By Simon Garratt
If you have ever seen the film ‘Final Destination’ you will appreciate what I’m about to say. Running a reef tank can be like playing tag with the Grim Reaper. No matter how many times you dodge the metaphorical bullet, sooner or later he’s gonna catch you, and if he can’t get ‘you’, then he will sure as hell get your stock. Try as you might to outwit, and try as you might to foresee all ways in which you can be caught out, he will always find some inexorable way to come at you from the least expected angle. And if he still misses, then his brother Murphy will step in to take up the slack.
Or to put it in plain terms;
Murphy’s law: If anything can go wrong, it will. If there is a possibility of several things going wrong, the one that will cause the most damage will be the one to go wrong. If you perceive that there are four possible ways in which something can go wrong, and circumvent these, then a fifth way, unprepared for, will promptly develop. It will be impossible to fix the fifth fault, without breaking the fix on one or more of the others.
That in essence is the darker side of reef keeping, and no matter how long you’ve been in the hobby, or how good you are at running a reef tank, sooner or later you will fall foul of one of the above clauses within that law. When you think about this, it isn’t that surprising. We run systems that are amalgamations of several different principles, we combine opposing forces like water and electricity in the hope that they will never combine in a detrimental manner. We run a whole host of equipment, each crucial in maintaining either a single or multiple aspects of the miniature ecosystems we create, whilst all the time trying to control a small volume of water that is home to a veritable soup of interacting molecules that we try to count and quantify as though we were sorting grains of sand on a beach.
Sometimes the failures are clear and easy to diagnose with varying results from minor to catastrophic. Sometimes they are less so and creep up on you until you are either lucky and find the cause before too much damage is done, or you have to cut your losses and take drastic action. Sadly over the course of July to September this year, I suffered the latter.
Initially, I considered a slight down turn in certain corals as just one of those phases that all tanks go through where the normal ebb and flow of system age and maturity affects things to differing degrees. Tied with the fact I was traveling quite a bit at the time, it wasn’t one of those things I was able to keep monitoring on a daily basis, so the tank was left pretty much to its own devices after running a set of standard tests with nothing unusual showing up. A few weeks later after returning from a trip to Europe which admittedly included a very hot spell, I was quite shocked to come home to a tank rife with cyanobacteria, several bleached, but otherwise intact corals, and a fish population none-the-worse for wear. So, after a further set of tests which still showed no adverse levels, I put the bleaching incident down to a short term temperature spike and the cyano down to dissolution of nutrients from the substrates in the high temperatures mixed with a slightly suppressed pH. So, as all good keepers would do, I changed the GFO, changed the carbon, and did a few 25 gallon water changes on my 400 gallon system. Off I set again on another trip only to return to a tank which was considerably worse than before. With more bleached corals, several corals dying off from the center and bases outwards and a cyanobacteria bloom which was still unnerving in its tenacity.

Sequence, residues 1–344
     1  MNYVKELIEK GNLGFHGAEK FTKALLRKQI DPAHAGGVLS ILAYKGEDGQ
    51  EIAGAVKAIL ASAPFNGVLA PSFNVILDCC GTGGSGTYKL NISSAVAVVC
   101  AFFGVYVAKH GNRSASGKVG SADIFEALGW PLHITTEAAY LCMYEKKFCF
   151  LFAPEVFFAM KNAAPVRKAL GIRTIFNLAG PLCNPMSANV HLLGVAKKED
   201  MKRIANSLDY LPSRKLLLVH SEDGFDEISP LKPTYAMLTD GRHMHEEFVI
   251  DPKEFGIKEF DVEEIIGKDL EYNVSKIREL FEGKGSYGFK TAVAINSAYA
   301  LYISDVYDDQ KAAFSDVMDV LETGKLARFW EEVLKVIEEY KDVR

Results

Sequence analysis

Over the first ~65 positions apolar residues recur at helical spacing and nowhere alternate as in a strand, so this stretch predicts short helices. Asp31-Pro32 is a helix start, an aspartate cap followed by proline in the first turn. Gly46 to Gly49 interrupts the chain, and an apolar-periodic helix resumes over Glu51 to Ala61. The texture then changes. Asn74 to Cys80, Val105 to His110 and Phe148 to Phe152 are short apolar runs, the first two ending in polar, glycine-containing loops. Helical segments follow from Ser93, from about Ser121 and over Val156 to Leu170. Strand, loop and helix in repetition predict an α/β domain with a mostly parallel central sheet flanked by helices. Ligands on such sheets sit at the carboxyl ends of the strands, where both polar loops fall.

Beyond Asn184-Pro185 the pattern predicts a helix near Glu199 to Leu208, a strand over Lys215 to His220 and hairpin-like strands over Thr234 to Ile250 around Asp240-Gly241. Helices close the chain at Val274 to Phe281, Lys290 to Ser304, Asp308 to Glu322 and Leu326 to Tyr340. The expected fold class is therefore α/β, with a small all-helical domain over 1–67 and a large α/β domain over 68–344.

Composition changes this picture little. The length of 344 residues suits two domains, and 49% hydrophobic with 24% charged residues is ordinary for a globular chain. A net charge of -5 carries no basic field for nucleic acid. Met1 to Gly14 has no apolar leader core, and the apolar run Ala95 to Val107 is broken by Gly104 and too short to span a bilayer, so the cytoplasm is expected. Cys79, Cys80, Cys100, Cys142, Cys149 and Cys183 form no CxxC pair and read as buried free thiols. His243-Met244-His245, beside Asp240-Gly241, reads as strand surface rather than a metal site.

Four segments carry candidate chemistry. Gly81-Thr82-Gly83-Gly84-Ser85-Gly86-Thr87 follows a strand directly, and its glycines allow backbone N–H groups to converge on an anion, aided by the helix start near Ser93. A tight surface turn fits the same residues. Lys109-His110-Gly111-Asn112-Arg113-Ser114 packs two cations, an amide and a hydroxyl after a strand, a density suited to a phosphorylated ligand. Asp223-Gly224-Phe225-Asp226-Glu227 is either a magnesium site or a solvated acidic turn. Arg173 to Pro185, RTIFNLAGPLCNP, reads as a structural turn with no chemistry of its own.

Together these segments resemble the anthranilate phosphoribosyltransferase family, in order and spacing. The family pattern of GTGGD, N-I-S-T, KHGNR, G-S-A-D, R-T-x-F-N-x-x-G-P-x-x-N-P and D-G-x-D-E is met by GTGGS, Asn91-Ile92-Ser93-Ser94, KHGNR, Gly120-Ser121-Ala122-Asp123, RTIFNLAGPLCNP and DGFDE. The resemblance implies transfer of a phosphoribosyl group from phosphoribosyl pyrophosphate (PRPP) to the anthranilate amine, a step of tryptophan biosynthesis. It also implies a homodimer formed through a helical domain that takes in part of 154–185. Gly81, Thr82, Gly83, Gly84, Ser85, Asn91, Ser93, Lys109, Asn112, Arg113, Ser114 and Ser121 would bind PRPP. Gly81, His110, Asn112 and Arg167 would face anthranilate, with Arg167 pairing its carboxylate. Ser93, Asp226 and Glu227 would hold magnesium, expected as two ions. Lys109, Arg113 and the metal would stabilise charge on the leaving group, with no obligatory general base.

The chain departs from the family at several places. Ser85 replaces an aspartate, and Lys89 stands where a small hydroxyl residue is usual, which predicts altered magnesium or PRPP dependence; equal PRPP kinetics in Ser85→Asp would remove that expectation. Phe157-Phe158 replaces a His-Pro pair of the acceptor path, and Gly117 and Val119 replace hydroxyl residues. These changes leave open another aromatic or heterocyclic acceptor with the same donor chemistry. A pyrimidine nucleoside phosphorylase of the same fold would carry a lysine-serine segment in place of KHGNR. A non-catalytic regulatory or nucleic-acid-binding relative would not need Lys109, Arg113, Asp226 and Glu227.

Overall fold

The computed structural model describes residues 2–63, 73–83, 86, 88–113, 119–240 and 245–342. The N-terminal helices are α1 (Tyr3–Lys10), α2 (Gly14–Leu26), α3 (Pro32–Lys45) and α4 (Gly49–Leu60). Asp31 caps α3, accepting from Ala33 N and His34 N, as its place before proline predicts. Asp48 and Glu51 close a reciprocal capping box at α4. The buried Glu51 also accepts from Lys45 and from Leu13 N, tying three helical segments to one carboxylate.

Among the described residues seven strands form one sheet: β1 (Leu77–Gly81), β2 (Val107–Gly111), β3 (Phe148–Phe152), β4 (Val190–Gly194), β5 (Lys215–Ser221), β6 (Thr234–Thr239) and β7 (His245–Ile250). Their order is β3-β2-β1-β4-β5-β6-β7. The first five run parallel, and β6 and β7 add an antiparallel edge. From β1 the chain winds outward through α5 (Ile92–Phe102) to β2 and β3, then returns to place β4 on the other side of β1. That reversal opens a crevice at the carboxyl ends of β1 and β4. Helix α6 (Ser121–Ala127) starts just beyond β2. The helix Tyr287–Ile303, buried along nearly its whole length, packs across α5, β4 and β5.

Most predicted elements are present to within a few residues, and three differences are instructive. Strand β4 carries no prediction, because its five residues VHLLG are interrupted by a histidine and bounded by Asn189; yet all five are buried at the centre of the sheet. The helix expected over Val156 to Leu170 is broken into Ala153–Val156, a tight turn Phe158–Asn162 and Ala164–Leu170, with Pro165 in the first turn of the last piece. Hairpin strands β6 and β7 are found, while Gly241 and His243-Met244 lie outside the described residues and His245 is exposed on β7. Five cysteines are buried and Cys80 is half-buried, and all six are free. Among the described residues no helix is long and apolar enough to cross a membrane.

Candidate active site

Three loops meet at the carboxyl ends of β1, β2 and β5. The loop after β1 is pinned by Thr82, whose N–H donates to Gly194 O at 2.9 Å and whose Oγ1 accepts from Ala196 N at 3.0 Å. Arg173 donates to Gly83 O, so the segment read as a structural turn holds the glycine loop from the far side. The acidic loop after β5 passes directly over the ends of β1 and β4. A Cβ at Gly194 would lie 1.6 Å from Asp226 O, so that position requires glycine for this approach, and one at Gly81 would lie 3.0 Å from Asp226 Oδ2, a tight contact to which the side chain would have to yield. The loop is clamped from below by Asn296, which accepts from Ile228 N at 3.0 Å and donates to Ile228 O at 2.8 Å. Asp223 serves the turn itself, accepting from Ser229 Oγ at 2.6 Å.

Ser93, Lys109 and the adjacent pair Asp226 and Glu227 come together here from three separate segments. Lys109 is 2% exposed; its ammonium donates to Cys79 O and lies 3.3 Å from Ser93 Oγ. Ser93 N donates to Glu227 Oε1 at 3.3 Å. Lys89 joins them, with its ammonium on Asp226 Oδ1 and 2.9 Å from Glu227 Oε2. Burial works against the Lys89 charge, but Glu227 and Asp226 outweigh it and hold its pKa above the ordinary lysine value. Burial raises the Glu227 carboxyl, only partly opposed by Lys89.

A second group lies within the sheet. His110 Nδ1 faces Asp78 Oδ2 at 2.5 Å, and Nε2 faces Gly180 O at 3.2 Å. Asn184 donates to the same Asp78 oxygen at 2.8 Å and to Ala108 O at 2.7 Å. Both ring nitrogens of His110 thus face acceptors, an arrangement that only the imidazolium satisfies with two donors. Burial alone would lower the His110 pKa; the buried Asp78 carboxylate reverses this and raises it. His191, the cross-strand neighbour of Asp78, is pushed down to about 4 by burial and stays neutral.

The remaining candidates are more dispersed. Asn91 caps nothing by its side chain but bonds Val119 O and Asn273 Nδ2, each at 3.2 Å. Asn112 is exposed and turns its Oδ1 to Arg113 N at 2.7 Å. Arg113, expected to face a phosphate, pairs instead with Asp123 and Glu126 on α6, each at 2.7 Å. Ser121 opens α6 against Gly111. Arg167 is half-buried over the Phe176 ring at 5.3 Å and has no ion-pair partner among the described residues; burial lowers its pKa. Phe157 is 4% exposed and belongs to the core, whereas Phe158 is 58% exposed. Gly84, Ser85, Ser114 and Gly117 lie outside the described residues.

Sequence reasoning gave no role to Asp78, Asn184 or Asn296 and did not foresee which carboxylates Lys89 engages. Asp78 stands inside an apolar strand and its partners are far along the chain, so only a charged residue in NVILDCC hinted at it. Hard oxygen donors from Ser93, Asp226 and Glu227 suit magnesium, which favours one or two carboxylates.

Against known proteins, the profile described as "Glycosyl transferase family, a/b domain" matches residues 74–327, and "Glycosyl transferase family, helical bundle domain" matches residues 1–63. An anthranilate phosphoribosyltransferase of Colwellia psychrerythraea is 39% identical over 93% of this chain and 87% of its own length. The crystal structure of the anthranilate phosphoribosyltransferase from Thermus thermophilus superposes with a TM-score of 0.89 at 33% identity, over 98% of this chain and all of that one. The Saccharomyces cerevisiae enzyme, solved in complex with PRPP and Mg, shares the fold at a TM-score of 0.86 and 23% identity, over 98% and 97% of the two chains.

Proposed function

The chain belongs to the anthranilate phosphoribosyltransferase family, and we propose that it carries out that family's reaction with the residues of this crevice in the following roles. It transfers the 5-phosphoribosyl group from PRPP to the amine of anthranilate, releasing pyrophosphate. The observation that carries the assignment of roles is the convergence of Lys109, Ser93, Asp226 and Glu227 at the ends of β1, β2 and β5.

Despite the grim look of the tank, the fish were still in perfect health, so after doing a full set of tests covering all the usual suspects (Nitrate, Phosphate, Magnesium, Calcium, Alkalinity, Iodine, and Strontium) and double checking pH and temperature probes, it was indeed time to ***** up the ears and start thinking of something that was outside the normal ranges. The first port of call in most cases is to have a look at the top up and test the TDS; this gave a zero, so I knew the top up water was fine. Then it was then time to go through the system looking for any other contamination from foreign materials. Scraper blades, water storage containers leaching toxins, pump impellers corroding, magnets leaking and leaching, calcium reactor media that has got foreign material in it by accident etc. A pretty exhaustive list was executed which basically went through the entire system from top to bottom to no avail.
After performing a few more water changes a few days later and seeing the results of those changes, it became evident that the more I tried to clear up the problem via dilution, the worse the problem got. So my attention switched back to the top up and change water again. Whether it’s based on experience, instinct, or some other influence, I kept going back to that TDS meter. It was no surprise that after doing a quick test on differing solutions that all showed zero on the TDS readout, it became clear that the meter was faulty. Not only that, but on replacement with a new one, I realized that one of the RO membranes had failed, letting pure tap water past the main seal. My DI resin was saturated, and the tank was being topped up with water that had a final TDS output of over 168ppm, and had been for some time.